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by Jessica Brophy
Ten community members joined the school board and administration on Wednesday, October 19, to discuss big-picture questions about the future of the school system and its budget.
Total enrollment for K-12 in 2000 was 530, last year it was 351. Yet in the same period, the annual school budget has risen from $4.3 million to $6.3 million.
The CSD per-pupil cost last year was $16,836 compared to an $11,037 state average. As enrollments continue to decline, the question arises, “what is an appropriate level of local funding for education?” Superintendent Bob Webster asked this question, and others, during a slideshow presentation.
The big-picture issues and ideas discussed included transforming the budgeting process, moving the Union 76 central office into one of the CSD schools, reducing administrative staff, developing a minimum class size, incorporating a preschool into the elementary school, sending high school students to other area high schools and instituting pay-to-play fees for extracurricular activities.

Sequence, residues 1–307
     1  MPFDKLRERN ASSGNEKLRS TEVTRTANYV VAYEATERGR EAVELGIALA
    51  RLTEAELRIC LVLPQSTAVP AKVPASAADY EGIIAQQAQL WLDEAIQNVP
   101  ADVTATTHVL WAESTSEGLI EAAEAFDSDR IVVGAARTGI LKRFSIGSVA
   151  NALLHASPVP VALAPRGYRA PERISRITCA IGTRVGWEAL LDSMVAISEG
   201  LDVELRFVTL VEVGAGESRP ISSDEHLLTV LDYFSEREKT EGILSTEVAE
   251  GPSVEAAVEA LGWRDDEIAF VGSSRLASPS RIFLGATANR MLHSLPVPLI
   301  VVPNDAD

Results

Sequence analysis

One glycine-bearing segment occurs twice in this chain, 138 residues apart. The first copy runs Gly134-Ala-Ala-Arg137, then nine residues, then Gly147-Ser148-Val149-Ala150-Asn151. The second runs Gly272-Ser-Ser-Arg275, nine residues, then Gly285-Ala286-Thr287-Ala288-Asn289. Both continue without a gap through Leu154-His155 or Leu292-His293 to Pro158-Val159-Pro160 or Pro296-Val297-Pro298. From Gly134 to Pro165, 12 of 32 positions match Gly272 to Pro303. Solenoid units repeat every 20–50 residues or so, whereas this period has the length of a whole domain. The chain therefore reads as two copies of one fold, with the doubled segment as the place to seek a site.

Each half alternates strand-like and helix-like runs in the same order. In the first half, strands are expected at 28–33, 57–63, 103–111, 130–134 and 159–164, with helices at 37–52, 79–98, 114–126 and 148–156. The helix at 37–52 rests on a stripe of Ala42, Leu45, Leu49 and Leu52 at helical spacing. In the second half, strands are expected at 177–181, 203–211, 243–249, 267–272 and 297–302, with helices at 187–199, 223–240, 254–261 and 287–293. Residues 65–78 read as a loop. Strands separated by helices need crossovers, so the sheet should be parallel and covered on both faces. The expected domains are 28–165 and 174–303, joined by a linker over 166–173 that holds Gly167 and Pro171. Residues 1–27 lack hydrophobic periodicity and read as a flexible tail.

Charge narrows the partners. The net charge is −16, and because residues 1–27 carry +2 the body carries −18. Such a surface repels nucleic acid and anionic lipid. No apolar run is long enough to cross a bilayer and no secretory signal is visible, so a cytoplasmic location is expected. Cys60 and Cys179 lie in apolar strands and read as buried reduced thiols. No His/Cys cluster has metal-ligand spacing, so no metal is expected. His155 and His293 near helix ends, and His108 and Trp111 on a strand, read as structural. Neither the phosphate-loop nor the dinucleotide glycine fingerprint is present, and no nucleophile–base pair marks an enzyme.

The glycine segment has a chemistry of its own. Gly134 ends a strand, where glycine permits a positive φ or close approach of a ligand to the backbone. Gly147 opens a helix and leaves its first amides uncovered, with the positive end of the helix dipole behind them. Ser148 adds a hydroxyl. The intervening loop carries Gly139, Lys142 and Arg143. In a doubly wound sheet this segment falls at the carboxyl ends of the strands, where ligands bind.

Some of the more radical ideas were discussed and dismissed quickly by the group. Webster said local taxpayers could save nearly a million dollars a year if high school students attended nearby schools on tuition, such as those in Ellsworth, Bucksport or Blue Hill. But then, he said, the community would lose its hub for the major events that draw Islanders together, such as athletics, junior prom, and graduation.
Another idea that failed to gain traction was the “pay-to-play” model for sports and other extracurricular activities. Board member Linda Nelson said it would be unfair to those who couldn’t afford to play. A community member said athletics “keep kids out of trouble and keep kids in school.”